HomeNewsBriefExtradition Helps Narcos Legalize Assets: Dominican Republic Official
BRIEF

Extradition Helps Narcos Legalize Assets: Dominican Republic Official

DOMINICAN REPUBLIC / 19 MAY 2015 BY MICHAEL LOHMULLER EN

The head of the Dominican Republic's anti-drug coordinating agency has criticized his country's extradition treaty with the United States for allowing drug traffickers to keep their assets, echoing criticisms elsewhere in Latin America over the perceived leniency extradited criminals receive.

During a May 17 interview with television program D'AGENDA (see video below), Fidias Aristy, President of the Dominican Republic's National Drug Council (CND), said extradition to the United States has become a reward bordering on impunity for drug traffickers.

Aristy stated that after serving short US prison sentences, drug traffickers are able to return to the Dominican Republic to enjoy the immense fortunes they accumulated through their illicit activities. According to Aristy, this is because the current extradition treaty with the United States keeps Dominican authorities from legally pursuing extradited criminals' properties and other assets, effectively legalizing them and allowing drug traffickers to "flaunt" and "enjoy" their wealth once they are released from prison.

As an example, Aristy cited the recent case of Yubel Enrique Mendez, alias "Oreganito," a convicted drug trafficker who spent only four-and-a-half years in a US prison before returning to the Dominican Republic, where his large fortune remained intact.

Although the United States and the Dominican Republic signed a new extradition treaty in January 2015, Aristy said the changes were superficial and failed to enable Dominican authorities to seize the assets of extradited drug traffickers.

During the interview, Aristy stated that in Colombia criminals used to say, "It's better to die than be extradited to a US prison," but now, Aristy feels, "it can be said that in the Dominican Republic and [Colombia] it is better to be extradited to the United States than anything else."

InSight Crime Analysis

The extradition of drug traffickers to the United States has long been a contentious issue in Latin America.

In the past, critics in Colombia have complained that criminals receive lenient sentences in the United States in exchange for cooperating with authorities, rather than answering for their crimes at home. Indeed, as Aristy mentions in the interview, Colombian criminals -- once fearful of extradition to the United States -- have come to see extradition as an opportunity to obtain a reduced sentence.

SEE ALSO: Coverage of Extradition

Nonetheless, for many Latin American governments the extradition of powerful criminals often serves as the best option given the weaknesses of some local judicial systems. The Dominican Republic is no exception to this, with a judicial system that has seen allegations of widespread corruption, and cases of security forces involved in drug trafficking.

Ultimately, while Aristy's complaints that extradited drug traffickers are getting off easy may be legitimate, there is little to suggest Dominican criminals would avoid impunity and receive stricter punishment in their home country's courts.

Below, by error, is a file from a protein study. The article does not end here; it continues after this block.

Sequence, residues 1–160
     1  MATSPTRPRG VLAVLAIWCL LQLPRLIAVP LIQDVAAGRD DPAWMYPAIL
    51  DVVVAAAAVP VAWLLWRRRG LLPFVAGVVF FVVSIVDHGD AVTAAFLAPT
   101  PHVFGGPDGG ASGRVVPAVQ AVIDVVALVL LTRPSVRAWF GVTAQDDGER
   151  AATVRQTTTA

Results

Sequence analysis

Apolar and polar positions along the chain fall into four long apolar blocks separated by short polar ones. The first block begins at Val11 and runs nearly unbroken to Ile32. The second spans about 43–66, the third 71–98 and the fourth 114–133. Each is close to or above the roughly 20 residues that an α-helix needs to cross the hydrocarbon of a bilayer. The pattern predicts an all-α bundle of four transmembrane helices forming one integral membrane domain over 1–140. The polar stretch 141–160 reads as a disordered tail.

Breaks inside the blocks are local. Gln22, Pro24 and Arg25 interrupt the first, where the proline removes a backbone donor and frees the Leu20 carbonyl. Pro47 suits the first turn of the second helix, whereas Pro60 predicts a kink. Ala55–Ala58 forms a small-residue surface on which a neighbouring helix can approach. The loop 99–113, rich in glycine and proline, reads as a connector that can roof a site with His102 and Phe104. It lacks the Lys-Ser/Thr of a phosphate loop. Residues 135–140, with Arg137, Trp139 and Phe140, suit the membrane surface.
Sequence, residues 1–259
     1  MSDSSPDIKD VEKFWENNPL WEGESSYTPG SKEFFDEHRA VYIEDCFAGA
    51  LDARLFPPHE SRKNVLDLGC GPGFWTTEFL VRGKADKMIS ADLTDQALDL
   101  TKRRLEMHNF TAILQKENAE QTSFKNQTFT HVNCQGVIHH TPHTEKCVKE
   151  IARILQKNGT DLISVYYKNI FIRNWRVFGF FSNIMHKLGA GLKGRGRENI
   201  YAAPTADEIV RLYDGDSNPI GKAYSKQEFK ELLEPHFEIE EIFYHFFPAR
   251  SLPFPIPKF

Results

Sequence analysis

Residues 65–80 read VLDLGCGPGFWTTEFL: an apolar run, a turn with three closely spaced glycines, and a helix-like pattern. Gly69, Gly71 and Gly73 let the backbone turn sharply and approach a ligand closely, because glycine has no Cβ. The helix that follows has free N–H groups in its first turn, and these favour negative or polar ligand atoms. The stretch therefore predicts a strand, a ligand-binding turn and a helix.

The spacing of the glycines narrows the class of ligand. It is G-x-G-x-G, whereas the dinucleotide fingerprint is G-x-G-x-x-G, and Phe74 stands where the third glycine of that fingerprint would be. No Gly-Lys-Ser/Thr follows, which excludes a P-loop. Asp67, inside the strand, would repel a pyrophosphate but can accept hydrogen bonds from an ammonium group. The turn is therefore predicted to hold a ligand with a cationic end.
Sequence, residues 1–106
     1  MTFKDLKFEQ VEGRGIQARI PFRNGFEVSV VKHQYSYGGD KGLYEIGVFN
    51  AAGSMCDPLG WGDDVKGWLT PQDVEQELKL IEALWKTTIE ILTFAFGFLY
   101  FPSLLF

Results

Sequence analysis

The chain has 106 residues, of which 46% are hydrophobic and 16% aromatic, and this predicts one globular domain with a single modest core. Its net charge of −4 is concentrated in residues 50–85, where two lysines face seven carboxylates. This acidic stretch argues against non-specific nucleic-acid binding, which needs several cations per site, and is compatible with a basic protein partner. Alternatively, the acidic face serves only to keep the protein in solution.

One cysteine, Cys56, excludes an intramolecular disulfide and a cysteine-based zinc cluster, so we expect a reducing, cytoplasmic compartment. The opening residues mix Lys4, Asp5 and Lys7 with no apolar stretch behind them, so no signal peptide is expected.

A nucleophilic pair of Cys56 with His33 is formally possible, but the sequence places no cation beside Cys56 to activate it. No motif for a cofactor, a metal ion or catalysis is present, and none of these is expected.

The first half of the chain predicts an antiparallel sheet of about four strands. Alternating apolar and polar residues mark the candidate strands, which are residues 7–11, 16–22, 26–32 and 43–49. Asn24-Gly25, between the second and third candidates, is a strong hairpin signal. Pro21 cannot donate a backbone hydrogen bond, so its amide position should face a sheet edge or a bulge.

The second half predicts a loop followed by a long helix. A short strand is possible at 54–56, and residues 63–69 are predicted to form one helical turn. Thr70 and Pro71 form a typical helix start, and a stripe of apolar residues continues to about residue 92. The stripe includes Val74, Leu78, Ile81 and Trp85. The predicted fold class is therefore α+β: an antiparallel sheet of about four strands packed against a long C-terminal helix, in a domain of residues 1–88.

share icon icon icon

Was this content helpful?

We want to sustain Latin America’s largest organized crime database, but in order to do so, we need resources.

DONATE

What are your thoughts? Click here to send InSight Crime your comments.

We encourage readers to copy and distribute our work for non-commercial purposes, with attribution to InSight Crime in the byline and links to the original at both the top and bottom of the article. Check the Creative Commons website for more details of how to share our work, and please send us an email if you use an article.

Was this content helpful?

We want to sustain Latin America’s largest organized crime database, but in order to do so, we need resources.

DONATE

Related Content

CRIMINAL MIGRATION / 12 OCT 2022

US and Guatemalan authorities will tell you Moises Humberto Rivera Luna, alias "Viejo Santos," is a top member of the…

CARIBBEAN / 9 MAR 2022

The Dominican Republic has dismantled a transnational cybercrime network believed to have defrauded hundreds of US citizens to the tune…

BRAZIL / 20 FEB 2021

Drug traffickers engage in a creative game of hide and seek with coast guards and other security forces that board…

About InSight Crime

THE ORGANIZATION

Escaping Barrio 18

27 JAN 2023

Last week, InSight Crime published an investigation charting the story of Desafío, a 28-year-old Barrio 18 gang member who is desperate to escape gang life. But there’s one problem: he’s…

THE ORGANIZATION

Europe Coverage Makes a Splash

20 JAN 2023

Last week, InSight Crime published an analysis of the role of Amsterdam’s Schiphol Airport as an arrival hub for cocaine and methamphetamine from Mexico.  The article was picked up by…

THE ORGANIZATION

World Looks to InSight Crime for Mexico Expertise

13 JAN 2023

Our coverage of the arrest of Chapitos’ co-founder Ovidio Guzmán López in Mexico has received worldwide attention.In the UK, outlets including The Independent and BBC…

THE ORGANIZATION

InSight Crime Shares Expertise with US State Department

16 DEC 2022

Last week, InSight Crime Co-founder Steven Dudley took part in the International Anti-Corruption Conference organized by the US State Department’s Bureau of Democracy, Human Rights, & Labor and…

THE ORGANIZATION

Immediate Response to US-Mexico Marijuana Investigation

9 DEC 2022

InSight Crime’s investigation into how the legalization of marijuana in many US states has changed Mexico’s criminal dynamics made a splash this week appearing on the front page of…